So, take a look at the fires through the Big Picture lens to get a better sense of what’s really going on, and the amazingly tough and dedicated firefighters. There are more than 20,000 hard-core people out there fighting to get it all under control.

Here’s to them.

And here’s the feed for the Big Picture so you can add it to your reader.

Liveblogging Google App Engine release at Campfire One at Google

Liveblogging on Twitter at http://twitter.com/natekoechley

everything in this article is my paraphrasing of speakers’ presentations. not my own words.

(Video coming soon.)

  1. We run web applications. We’re only focused on this narrow goal.
  2. We handle the entire lifecycle of an app.
  3. Apps are run on Google infrastructure.

“It’s hard, but it’s worth it for us.”

“For the first time you can use the same infra we use…Auth, GOS, BigTable”

The Stack

  1. Scalable serving infra
  2. python runtime
  3. SDK
  4. Web based admin console
  5. DataStore

Demo: App from scratch in 8 minutes.

More details

  1. Scalable Serving Infrastructure: fault tolerant (redundant). Fluid: don’t need to schedule needs up front… more servers come online dynamically.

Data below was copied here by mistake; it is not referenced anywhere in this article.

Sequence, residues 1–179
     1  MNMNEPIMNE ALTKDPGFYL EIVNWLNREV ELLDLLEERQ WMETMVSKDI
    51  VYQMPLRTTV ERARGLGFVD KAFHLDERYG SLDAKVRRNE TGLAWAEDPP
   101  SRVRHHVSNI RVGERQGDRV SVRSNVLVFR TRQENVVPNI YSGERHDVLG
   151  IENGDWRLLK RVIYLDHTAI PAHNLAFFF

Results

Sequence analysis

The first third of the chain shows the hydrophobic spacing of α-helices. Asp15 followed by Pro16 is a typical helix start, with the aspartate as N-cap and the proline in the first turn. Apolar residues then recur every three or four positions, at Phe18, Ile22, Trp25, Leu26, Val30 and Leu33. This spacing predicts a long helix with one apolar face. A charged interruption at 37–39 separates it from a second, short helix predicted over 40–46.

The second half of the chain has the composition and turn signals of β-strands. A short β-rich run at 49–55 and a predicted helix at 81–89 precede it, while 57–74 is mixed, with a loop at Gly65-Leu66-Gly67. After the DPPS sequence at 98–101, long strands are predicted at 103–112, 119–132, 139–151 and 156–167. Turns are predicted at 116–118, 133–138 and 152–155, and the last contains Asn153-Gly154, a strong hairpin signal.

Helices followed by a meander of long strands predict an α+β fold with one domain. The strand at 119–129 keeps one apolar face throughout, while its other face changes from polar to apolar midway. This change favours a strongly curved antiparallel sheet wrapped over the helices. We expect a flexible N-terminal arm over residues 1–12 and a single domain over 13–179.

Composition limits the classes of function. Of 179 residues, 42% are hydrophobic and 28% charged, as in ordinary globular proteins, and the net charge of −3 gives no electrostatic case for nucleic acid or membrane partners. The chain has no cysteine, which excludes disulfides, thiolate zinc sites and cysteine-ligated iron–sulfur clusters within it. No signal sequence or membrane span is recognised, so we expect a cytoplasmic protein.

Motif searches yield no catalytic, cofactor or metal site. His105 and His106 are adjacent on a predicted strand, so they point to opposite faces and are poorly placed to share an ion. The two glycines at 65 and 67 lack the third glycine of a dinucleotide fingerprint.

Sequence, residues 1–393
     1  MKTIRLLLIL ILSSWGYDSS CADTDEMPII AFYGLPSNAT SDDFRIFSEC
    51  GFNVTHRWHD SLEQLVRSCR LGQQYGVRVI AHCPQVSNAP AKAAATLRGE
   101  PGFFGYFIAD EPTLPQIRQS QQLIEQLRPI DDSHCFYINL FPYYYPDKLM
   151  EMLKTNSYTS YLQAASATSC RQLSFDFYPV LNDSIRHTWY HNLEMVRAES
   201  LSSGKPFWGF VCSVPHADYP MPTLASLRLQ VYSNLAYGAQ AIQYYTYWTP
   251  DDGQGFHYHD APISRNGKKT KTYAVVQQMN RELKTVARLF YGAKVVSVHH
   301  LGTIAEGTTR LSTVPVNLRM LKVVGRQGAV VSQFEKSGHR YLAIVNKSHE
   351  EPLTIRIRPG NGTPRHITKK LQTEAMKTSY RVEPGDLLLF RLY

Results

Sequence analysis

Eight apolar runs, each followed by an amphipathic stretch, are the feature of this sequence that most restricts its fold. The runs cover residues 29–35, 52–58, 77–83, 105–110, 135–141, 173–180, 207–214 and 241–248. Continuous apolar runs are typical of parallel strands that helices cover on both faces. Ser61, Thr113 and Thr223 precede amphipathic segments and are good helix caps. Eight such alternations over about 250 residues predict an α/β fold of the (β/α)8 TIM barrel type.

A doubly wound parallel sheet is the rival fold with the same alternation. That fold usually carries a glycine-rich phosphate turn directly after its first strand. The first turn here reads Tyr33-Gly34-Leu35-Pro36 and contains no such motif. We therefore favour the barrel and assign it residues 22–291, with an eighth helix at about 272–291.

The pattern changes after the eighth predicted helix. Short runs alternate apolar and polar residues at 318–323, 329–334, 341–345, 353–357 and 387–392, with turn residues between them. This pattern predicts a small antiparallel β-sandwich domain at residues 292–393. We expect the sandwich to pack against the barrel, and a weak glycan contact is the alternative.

2. Python Runtime and Libraries. All tools are generic, so new languages can be dropped in later. Python used in same python available otherwise. Goal: you can use any language eventually. We don’t want to limit you.
  3. SDK: Environment to develop apps locally. Avail for Linux, Mac, Windows today. (But can probably work anywhere.)
  4. Admin Console: web-based admin console. (Looks like google finance meets google analytics.) Tools for request logs. Data explorer. Usage/quote numbers. App-version balancing. Can hook up domain (don’t need to run at *.appspot.com).
  5. Scalable Datastore. Schemaless object store. Not a clustered sql thing. Instead based on BigTable. (Whitepapers online.) Horizontally scalable. Reacts to hotspots. BigTable instead of SQL is a big change, and may take some time to get used to. But we think you’ll come to like it. Schemaless means you can add a new datatype or entity whenever – no need to update your schema.